111 Tasting Notes
So I tried Verdant’s Laoshan Black for the first time yesterday, and was curious what it would be like with chai spices. The answer? It’s AMAZING. I love the mix of spices they used here… There’s plenty of ginger, my favorite, and the sweetness from the berries is a great touch. Generally, I like to drink my chai plain (out of habit, because I drink most tea plain), and this tastes wonderful without anything added, which is a huge plus. The malty cocoa notes from the Laoshan base really elevate the whole blend. It’s savory and sweet, and the spicy aroma is mouthwatering.
Honestly, this might be my favorite chai ever. (Though I also purchased some Zhu Rong Chai… At the rate I’m going, it wouldn’t surprise me if I fell in love with that one too!) I love what Verdant Tea does with flavor in their blends. “Cozy” is the word that keeps coming to mind. With each cup, I just want to snuggle up in a blanket and savor the warmth. A perfect feeling for this time of year.
I need to stock up on this one for sure. (Despite the overcrowded state of my cupboard!)
ETA: So I just sniffed my empty mug, and guess what it smelled like? My grandmother’s homemade gingerbread cookie dough. Pretty much exactly. I’m so in love with this tea!
My 5 for 5 sampler from Verdant Tea just arrived yesterday! This is the first of their teas that I tried. And wow… It’s delicious. This tea is cozy and creamy and smooth, with lots of flavor. I steeped it according to the directions on Verdant’s website, including the short steeping time (30 seconds). It has a wonderful aroma, green and savory— the “soybean” description on the site seems very accurate. And the taste is sweet and creamy. I’ve had greens that tasted buttery to me before, but they were more vegetal in a leafy way, with less of a sweet bean taste like this.
I usually think of green tea as more of a spring/summer kind of drink (at least compared to more oxidized teas). But this one is very autumnal. I had several steepings, and they were excellent. I didn’t notice a vanilla taste like the site described—but I think that’s because I was tasting more cream than vanilla. And I loved the cream note, so I’m not complaining!
I haven’t been drinking much green tea lately, partly because I haven’t found one that I would like to keep as a staple in my cupboard. Well, I think this tea has changed that. I’ll definitely be ordering more. Thank you to Verdant Tea for the sampler—and for the chance to try this delicious tea.
This is a very soothing chamomile tea. (I’ve had it several times, and each time I feel so relaxed afterward that I completely forget to log it!) Like most chamomile blends, it steeps into a soft yellow color—a color which I think represents the flavor well. I can taste gentle notes of apple and citrus (lemon and orange, I think, but to me they kind of blend together into a general “citrus” note), along with a subtle creaminess that softens the fruit notes.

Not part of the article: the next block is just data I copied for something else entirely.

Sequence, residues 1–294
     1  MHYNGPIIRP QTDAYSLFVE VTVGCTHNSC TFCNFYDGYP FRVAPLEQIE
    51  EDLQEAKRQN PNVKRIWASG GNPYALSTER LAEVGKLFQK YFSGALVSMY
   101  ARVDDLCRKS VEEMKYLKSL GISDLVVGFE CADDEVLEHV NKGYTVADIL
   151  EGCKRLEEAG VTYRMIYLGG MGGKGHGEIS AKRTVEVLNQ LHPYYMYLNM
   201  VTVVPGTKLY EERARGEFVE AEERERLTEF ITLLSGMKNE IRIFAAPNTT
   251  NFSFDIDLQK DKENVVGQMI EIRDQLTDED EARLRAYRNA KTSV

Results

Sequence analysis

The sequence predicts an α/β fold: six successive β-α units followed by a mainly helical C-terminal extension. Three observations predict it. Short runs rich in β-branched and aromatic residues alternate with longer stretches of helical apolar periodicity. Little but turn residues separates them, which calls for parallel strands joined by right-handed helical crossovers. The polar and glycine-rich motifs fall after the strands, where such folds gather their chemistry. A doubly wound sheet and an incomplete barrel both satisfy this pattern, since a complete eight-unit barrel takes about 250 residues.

I like that all the flavors in this tea complement each other—nothing is too dominant, and I can still taste the chamomile, instead of it being covered up by other ingredients. This is a high-quality herbal tea. (Sadly, I’m almost out of it, because I keep reaching for it when I want to unwind!)
This is my second time trying this tea, and I think I might have under-steeped this particular cup. It still tastes good, just a little on the light side… Like other Steepster users have said, this tea doesn’t have much smoke to it. I think I can detect some in the aftertaste, which is nice and spicy. But overall, this is pretty tame, at least as far as smoke goes.
Otherwise, it’s a strong black blend. I can taste something that reminds me of certain Ceylon teas I’ve tried (kind of bright, maybe a citrus note?), as well as the darker taste I’ve started to associate with Keemun blacks. I have no idea if that’s accurate, though! Mostly I just taste a strong black tea, nothing too out of the ordinary. It’s the kind of blend I could see myself enjoying as an everyday cup, especially in cooler weather.
Hmm, I have such mixed feelings about this tea… Generally, I like my apple teas to have some spice in them (especially in a cider-inspired tea like this one), and I tend to prefer an apple note that tastes “red” or “yellow”— mellow sweet, instead of sour-sweet like a green apple. But I knew going in that this tea would have no spice, and I could tell from my first sniff of the dry leaf that the apple was the candy green kind. So it’s not going to be my ideal apple cider tea, but I’m okay with that.